by Dot Cannon
“You have to learn to think in 3D,” said Professor Daniel Keefe. “You’re no longer painting on a page. You’re painting in space.”
Attendees to Caltech’s recent ““Virtual and Augmented Reality for Space Science and Exploration” symposium, at Keck Institute of Space Studies in Pasadena, had returned from their mid-morning coffee break.
And Professor Keefe, who is an Associate Professor in the University of Minnesota’s Department of Science and Engineering, was showing them how virtual reality could work in three different areas. First, he explored Lift-Off, an immersive interface for artists, architects and engineers.
“The same way you’d sketch on the back of a napkin, you sketch in VR,” he explained.
Keefe’s research, according to his speaker summary, centers on both scientific data and interactive computer graphics. While discussing Lift-Off, he addressed the idea of incorporating something created in the “real world”, into a 3D creative space.
“What if you have some sketches or a notebook?” he asked. “We can import hand-drawn sketches and pull them into a 3D space.”
But graphics weren’t the only creative area Keefe would address, during his presentation. He and his colleagues had also used a platform called Bema, to reconstruct conditions facing orators in ancient Greece.
Using a wireless sensor attached to glasses, he said, they determined the challenges those speakers would have encountered, when addressing more than 6,000 people without a microphone. And the immersive technology had allowed one of his colleagues to identify a mistake the group had made within five minutes.
“There’s a sense of presence and judgement scale that’s just there immediately (in VR),” Keefe explained.
He also gave a final example of the use of virtual reality: in the medical field. Using a platform called Bento Box, he said, medical-device designers could compare and analyze cardiac data.
“Why are we doing this? These are very complex data sets,” Keefe said. “When you sit in VR, things start to fall into place spatially.”
VR: A “thinking space”
“Why immersive VR?” asked Virginia Tech Director of the Center for Human-Computer Interaction Doug A. Bowman.
“Let me start by asking the opposite question. Why not immersive VR?”
Dr. Bowman, who is Virginia Tech’s Frank J. Maher Professor of Computer Science, highlighted the sense of presence which virtual reality allows users, in his presentation.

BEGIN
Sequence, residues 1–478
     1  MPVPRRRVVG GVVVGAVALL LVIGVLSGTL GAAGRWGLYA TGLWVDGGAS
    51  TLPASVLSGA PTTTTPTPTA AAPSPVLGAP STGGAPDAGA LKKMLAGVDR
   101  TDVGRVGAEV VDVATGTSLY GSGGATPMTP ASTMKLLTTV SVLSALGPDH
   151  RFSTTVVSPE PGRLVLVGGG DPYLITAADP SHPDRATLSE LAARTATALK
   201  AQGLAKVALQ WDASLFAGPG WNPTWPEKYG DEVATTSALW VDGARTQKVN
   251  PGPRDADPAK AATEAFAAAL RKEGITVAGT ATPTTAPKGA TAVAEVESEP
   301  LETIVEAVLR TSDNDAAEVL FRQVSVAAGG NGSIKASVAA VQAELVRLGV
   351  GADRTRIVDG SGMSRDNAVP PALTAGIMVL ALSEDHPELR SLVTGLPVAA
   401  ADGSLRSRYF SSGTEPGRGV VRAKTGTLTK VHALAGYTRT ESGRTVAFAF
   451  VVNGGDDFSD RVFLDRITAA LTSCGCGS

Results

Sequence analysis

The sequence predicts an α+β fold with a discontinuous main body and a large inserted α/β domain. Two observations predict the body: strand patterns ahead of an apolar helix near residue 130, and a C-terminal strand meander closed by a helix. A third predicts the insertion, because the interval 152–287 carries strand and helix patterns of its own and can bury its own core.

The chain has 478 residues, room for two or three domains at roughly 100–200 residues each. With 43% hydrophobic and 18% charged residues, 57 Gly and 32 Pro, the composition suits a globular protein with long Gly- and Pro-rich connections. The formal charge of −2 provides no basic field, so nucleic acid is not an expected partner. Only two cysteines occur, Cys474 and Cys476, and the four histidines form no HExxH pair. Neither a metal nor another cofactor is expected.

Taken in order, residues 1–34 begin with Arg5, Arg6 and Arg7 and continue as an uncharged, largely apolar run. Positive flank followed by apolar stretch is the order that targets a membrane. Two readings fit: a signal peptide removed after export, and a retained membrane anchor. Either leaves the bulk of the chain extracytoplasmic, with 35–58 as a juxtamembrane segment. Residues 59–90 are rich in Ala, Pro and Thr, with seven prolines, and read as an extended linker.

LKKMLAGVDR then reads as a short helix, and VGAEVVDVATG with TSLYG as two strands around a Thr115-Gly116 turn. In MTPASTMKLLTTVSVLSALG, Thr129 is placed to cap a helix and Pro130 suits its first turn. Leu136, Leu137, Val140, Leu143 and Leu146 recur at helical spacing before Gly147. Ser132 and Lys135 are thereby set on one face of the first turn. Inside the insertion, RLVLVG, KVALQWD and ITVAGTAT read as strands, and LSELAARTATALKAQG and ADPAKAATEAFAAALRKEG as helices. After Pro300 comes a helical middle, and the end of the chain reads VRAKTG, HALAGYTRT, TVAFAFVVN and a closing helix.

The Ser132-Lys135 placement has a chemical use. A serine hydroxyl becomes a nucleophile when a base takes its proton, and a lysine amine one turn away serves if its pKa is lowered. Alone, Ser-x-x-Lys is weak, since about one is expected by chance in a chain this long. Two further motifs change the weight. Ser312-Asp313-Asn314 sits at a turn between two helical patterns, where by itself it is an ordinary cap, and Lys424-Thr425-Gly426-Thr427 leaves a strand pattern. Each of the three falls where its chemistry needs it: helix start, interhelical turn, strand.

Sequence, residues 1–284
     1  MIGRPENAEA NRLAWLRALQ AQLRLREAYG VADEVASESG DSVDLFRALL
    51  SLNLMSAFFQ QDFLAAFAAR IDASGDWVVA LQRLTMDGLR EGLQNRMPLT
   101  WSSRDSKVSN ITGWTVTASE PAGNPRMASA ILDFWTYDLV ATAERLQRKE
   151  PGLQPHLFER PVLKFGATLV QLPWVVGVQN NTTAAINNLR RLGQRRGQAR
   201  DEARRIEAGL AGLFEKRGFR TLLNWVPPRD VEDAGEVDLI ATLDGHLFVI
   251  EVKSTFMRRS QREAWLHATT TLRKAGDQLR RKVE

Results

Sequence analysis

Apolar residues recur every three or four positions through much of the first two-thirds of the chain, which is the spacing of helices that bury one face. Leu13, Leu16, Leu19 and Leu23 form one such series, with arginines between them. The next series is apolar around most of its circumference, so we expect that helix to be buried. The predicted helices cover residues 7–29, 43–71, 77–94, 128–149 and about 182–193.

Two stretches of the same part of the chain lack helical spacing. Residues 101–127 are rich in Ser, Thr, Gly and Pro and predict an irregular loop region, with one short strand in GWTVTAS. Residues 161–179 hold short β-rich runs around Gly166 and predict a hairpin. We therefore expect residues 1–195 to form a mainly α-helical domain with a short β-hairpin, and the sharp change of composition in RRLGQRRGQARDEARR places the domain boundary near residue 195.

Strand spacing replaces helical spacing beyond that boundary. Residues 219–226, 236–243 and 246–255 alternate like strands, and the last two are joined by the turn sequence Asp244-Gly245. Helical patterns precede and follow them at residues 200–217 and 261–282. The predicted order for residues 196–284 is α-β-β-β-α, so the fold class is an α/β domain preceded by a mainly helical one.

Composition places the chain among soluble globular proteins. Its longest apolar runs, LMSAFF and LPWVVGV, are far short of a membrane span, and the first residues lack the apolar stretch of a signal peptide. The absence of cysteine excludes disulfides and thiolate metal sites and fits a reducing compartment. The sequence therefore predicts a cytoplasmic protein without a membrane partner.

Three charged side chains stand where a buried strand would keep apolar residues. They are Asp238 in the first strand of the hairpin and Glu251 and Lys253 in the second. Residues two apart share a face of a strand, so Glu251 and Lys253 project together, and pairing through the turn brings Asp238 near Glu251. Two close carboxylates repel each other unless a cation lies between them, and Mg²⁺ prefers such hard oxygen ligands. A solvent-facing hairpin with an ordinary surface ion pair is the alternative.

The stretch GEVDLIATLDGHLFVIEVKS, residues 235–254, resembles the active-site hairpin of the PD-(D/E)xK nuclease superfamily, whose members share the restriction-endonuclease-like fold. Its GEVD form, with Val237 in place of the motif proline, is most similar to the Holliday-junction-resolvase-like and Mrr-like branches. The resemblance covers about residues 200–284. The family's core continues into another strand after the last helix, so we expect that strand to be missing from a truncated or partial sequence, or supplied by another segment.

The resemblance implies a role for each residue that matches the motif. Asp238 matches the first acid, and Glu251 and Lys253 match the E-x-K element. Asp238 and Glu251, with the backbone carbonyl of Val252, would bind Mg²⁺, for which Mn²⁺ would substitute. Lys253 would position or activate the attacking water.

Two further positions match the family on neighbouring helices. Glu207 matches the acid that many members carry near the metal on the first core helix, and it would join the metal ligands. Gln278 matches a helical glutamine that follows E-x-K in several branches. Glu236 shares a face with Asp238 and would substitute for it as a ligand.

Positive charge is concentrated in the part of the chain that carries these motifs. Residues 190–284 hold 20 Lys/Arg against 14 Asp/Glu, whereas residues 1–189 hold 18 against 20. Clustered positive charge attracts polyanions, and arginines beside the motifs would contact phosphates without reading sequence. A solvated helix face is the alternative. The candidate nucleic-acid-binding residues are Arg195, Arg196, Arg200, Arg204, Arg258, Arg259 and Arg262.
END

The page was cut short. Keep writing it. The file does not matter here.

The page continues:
Virtual-reality space’s 3D capabilities, he said, afforded infinite “space to think”. Users could lay out and analyze large quantities of data, compare what they saw and find links or similarities.
“We think…analytics (need) to be not just people looking at data…and not just machines looking at data…but a collaboration, between people and machines.”
Bowman explained a proposal involving VR: immersive space to think, or IST. Giving an example of an employee verifying news stories for a large social-media company, Bowman stepped his audience through the ways this system could work.
“(Let’s say) the first (news) claim is that police fired rubber bullets (into a crowd of protestors),” he said. “(The user highlights this information) with her virtual pen. The system collects the top 100 posts (about the incident). It tags the most relevant posts…(and) arranges them, to determine credibility.”
Four perspectives on VR
The morning ended with a panel of four experts: Dr. Wolfgang Stuerzlinger, Dr. Doug Bowman, Professor Daniel Keefe, and Professor Alex Endert. As symposium co-organizer Dr. S. George Djorgovski moderated, each shared impressions of the morning’s presentations and takeaways.
“None of us really talked about augmented reality,” observed Dr. Bowman.
“I found (the way) Doug used VR as a place to organize our space when working, refreshing,” commented Professor Endert.
Professor Keefe said that incorporating virtual reality into a workspace required room to explore.
“The ultimate task, based on what I’m seeing, (is) how do I adjust things,” he said. “You have to get your hands (on) and you have to ask questions.”
Dr. Stuerzlinger pointed up a consideration for artists in virtual reality.
“I think sketching is fundamentally different. It’s much more ephemeral, and that’s the point,” he said. “If you kill that, you kill exploration in the design space.”
And bringing VR into our everyday world was the main idea, Dr. Bowman said. “I think everything we’re talking about can be summed up as, how do you make these immersive environments work for people?” he said. “I think we’ve got to (work towards) a future where I wear something (as nonintrusive as a pair of glasses to make VR work). Where it’s seamless.”
Lunchtime had arrived. Attendees broke to eat, network–and perhaps get some pictures of the morning’s speakers.
And the afternoon program? Still to come were: a look at building spacecraft through augmented reality; a virtual-reality exploration of Mars; and a look forward at the ways AR and VR could change the future.
This is part 2 of a 4-part series. Missed Part 1? Check out this link.